Now on the lawn
The olives fall by thousands, and I delight
To shed my tennis shoes and walk on them,
Pressing them coldly into the deep grass,
In love and reverence for the total loss.

I pass over the unnatural (and here self-contradictory) conjunction of moon and “brimming sun” in the same sky—though this is indicative of the absence of a true visual, that is, personal, center in the poem and, therefore, of a failure to keep the natural and the symbolic in accord. The poem’s ending suffers differently. The last verse of the first stanza has sucked the egg of wisdom dry and the climactic vision of the falling olives is, therefore, the merest shell and is immediately trampled down by those size-14 topical “tennis shoes”—which themselves move on all too hastily to the final, and unconvincing, moral.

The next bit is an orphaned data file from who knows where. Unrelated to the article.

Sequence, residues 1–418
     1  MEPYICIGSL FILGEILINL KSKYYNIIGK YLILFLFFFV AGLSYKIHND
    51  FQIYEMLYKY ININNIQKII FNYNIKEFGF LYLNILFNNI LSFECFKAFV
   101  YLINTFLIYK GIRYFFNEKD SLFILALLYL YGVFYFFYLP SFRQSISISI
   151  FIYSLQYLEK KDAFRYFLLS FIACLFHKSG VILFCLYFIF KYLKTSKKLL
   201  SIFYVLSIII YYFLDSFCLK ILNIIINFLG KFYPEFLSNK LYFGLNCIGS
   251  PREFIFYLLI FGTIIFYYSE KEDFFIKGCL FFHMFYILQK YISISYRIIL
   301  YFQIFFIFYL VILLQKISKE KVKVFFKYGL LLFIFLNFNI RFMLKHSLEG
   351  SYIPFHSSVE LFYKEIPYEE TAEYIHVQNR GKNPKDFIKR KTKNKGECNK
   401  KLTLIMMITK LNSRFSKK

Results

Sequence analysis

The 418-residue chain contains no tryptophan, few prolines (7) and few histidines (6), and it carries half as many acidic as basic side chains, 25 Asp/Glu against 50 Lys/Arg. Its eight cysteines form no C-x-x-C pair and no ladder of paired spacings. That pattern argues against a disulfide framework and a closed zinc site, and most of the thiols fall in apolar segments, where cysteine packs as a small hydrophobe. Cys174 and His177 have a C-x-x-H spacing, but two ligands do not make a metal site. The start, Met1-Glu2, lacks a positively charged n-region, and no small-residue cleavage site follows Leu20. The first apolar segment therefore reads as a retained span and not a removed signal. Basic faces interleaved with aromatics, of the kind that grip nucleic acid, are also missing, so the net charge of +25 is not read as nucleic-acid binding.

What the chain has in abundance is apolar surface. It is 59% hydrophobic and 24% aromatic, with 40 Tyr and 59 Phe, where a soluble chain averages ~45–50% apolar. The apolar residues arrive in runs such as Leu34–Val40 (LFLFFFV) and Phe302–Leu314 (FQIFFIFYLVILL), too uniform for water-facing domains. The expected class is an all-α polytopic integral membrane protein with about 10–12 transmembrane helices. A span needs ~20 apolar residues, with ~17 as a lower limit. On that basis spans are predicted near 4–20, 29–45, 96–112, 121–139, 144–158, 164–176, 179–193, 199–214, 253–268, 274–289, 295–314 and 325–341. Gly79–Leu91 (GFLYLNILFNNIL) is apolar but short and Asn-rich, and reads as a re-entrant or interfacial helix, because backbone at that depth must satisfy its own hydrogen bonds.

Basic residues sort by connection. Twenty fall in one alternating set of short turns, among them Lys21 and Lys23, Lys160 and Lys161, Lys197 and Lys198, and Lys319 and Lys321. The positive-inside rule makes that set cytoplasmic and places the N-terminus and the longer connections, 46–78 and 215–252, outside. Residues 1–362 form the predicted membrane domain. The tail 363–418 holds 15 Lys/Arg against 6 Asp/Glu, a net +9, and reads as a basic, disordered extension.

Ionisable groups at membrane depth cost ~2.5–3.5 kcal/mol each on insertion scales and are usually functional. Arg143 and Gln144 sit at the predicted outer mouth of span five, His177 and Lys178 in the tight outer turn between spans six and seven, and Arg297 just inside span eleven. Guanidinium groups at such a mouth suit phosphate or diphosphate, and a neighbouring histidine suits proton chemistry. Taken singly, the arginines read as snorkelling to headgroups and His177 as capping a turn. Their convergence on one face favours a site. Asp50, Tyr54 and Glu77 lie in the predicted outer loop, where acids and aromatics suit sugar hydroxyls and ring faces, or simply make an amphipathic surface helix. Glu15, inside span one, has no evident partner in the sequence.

Though the final impression of this volume is unsatisfactory, it is noteworthy in one important respect: it clearly marks the intensity of Shapiro’s effort to broaden and deepen his poetry. I think he has gone overboard in this, but it is hard to think of one of our younger poets—these titans of poetry’s Junior Chamber of Commerce—who could not use such a dunking. Or with courage enough to follow Shapiro into the drink.